The Association of American Medical Colleges, or AAMC, officially launched a new version of the MCAT, called the MCAT2015 on April 17, 2015. Approximately 8,200 individuals took this new version of the exam. The test has been changed for the first time since 1991, and AAMC is calling it “a better test for tomorrow’s doctors.” It was designed “to help better prepare tomorrow’s doctors for the rapidly advancing and transforming health care system.”
New Structure of the MCAT2015
The MCAT has changed in several major ways. Most notably, it has doubled in length. The MCAT2015 consists of 230 questions over 6 hours and 15 minutes, whereas the previous version consisted of 144 questions over 3 hours and 20 minutes. But despite the greater overall length, students taking the newer exam actually have more time to complete each question.
The MCAT2015 includes both new topic areas and different types of questions. The first three sections are organized around “big ideas” in the sciences. According to the AAMC, these sections “reflect current research about the most effective ways for students to learn and use science, emphasizing deep knowledge of the most important scientific concepts over knowledge simply of many discrete facts.”
Here is a sample question from the MCAT2015 from the section, “Chemical & Physical Foundations of Biological Systems.” It focuses on using scientific theories and models to solve a specific problem.
The radius of the aorta is about 1.0 cm and blood passes through it at a velocity of 30 cm/s. A typical capillary has a radius of about 4 10-4 cm with blood passing through at a velocity of 5 10-2 cm/s. Using this data, what is approximate number of capillaries in a human body?
- 1 104
- 2 107
- 4 109
- 7 1012
The new sections will also test additional skills, including research design, graphical analysis and data interpretation. Kaplan claims that the “passages will be restructured to test all of the natural sciences within biological systems,” giving the test a more medical focus by showing the application of the sciences to medicine.
The new section, “Psychological, Social, and Behavioral Foundations of Behavior,” comprises 25% of the test, and recognizes the role of social science in treating patients effectively. Catherine Lucey, a member of the MCAT review committee and vice dean of the UC San Francisco School of Medicine, observes:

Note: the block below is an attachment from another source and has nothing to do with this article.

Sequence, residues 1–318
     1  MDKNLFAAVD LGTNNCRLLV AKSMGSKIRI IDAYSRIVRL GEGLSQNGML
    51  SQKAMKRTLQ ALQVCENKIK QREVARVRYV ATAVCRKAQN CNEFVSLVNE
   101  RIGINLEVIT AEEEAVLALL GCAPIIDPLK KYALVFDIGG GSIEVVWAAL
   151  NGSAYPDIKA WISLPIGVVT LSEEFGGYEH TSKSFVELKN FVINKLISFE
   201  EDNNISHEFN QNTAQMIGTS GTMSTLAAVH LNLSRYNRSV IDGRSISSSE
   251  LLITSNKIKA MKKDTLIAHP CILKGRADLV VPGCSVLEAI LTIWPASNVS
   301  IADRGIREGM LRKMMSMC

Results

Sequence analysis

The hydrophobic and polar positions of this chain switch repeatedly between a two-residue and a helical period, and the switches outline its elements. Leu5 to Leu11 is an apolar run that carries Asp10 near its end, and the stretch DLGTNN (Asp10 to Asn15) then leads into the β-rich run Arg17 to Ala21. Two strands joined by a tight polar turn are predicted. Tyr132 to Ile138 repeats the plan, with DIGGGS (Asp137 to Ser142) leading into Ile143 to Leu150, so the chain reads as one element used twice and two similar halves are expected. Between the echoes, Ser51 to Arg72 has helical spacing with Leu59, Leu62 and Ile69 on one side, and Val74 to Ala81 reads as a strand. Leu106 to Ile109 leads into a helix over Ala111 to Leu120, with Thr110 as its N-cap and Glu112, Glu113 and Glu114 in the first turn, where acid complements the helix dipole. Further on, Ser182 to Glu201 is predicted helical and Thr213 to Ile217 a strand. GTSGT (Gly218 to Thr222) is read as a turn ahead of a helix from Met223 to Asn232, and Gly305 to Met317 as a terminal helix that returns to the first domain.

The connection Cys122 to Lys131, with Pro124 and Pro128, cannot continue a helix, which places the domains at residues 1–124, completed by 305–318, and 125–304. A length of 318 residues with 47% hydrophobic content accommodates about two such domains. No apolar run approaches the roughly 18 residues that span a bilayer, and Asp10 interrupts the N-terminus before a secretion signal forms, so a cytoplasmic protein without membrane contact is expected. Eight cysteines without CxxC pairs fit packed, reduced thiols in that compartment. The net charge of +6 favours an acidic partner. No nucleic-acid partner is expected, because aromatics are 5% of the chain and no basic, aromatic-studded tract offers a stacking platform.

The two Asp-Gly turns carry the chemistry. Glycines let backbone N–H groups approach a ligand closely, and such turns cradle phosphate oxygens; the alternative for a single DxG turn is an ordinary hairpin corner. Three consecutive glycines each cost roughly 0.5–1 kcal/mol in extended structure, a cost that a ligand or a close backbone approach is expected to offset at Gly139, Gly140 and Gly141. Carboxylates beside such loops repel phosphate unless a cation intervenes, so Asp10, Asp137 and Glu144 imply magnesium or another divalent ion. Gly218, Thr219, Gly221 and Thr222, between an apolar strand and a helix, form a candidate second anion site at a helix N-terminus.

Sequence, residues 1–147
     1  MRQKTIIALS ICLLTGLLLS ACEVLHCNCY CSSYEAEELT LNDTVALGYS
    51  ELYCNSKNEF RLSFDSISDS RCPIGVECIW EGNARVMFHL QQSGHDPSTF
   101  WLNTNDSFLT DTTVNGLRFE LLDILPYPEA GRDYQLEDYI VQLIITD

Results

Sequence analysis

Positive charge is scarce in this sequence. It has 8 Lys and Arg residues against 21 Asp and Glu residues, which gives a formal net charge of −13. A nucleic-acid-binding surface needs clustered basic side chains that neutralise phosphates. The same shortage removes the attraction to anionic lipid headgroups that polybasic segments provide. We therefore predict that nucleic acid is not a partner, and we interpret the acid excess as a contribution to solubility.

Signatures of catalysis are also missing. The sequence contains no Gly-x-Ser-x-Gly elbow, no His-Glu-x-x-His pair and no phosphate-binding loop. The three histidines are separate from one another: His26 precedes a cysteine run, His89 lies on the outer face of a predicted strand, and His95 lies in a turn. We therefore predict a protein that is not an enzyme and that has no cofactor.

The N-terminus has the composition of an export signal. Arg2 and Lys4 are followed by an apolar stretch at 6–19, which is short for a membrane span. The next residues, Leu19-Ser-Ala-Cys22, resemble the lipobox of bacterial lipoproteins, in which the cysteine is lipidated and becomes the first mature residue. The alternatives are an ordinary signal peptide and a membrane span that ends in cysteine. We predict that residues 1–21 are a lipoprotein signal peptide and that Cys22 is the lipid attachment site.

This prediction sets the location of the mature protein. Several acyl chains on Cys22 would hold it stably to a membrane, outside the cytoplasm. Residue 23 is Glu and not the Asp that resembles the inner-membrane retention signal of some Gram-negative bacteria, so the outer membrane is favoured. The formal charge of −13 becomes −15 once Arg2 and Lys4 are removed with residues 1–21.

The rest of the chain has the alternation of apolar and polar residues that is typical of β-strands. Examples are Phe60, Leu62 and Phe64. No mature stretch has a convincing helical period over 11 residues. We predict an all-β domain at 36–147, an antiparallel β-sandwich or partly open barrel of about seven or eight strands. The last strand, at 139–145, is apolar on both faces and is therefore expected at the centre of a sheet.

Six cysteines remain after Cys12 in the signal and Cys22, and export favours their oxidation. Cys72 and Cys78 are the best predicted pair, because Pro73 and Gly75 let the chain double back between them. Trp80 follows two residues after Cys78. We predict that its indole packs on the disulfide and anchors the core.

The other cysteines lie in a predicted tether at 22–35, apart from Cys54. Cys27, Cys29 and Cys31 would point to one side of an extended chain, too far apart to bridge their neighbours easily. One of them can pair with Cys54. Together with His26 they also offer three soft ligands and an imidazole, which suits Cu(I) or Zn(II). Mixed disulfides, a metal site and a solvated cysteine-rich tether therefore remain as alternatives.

“One hundred years ago, all you really needed to know was the science. We were all looking for the magic bullet that would cure disease. Now we have problems like obesity and diabetes that require doctors to form therapeutic alliances with patients and convince them to change their lifestyle.”
Ripal Shah, an MCAT test prep tutor for Advantage Testing, agrees that training in the social sciences is beneficial for a career in medicine, because “many studies have shown that communication skills are often the most indicative of patient satisfaction and medication compliance.”
The following visual, from Kaplan Test Prep, illustrates the structural and content changes between the two tests.
The US News blog, “Medical School Admissions Doctor,” estimates that the vast amount of information covered on the MCAT2015 requires significantly more than standard medical school prerequisites:
- One year of biology, chemistry, organic chemistry, and physics
- One semester of biochemistry, psychology, and sociology,
- A year of humanities (recommended)
Each of the four sections will be scored individually, from 118 to 132, with a midpoint of 125. Scores are combined to create a total score ranging from 472 to 528, with a midpoint of 500. The new score reports will provide details on your test performance. “The AAMC envisions a score report that will bring together MCAT scores, percentile ranks, confidence bands, and score profiles in a way that highlights applicants’ strengths and weaknesses.” The MCAT Score Report Prototype released by the AAMC illustrates each of these aspects of scoring on a sample score report.
Percentile ranks are included so examinees can compare their performance to others who took the new exam. Confidence bands show the ranges of scores an examinee could expect on another MCAT attempt. Score profiles provide information about applicants’ strengths and weaknesses across the four sections of the exam.
Applying to medical school is a long and challenging process. Not to mention competitive: just under 50,000 students applied to medical school in 2014, with an average MCAT score of 28.6 and GPA of 3.55. Of those accepted, the mean MCAT score was 31.4, with a 3.69 GPA.
For more information or guidance regarding the MCAT, or any other aspect of the admissions process, contact Collegiate Gateway – we’re always happy to help.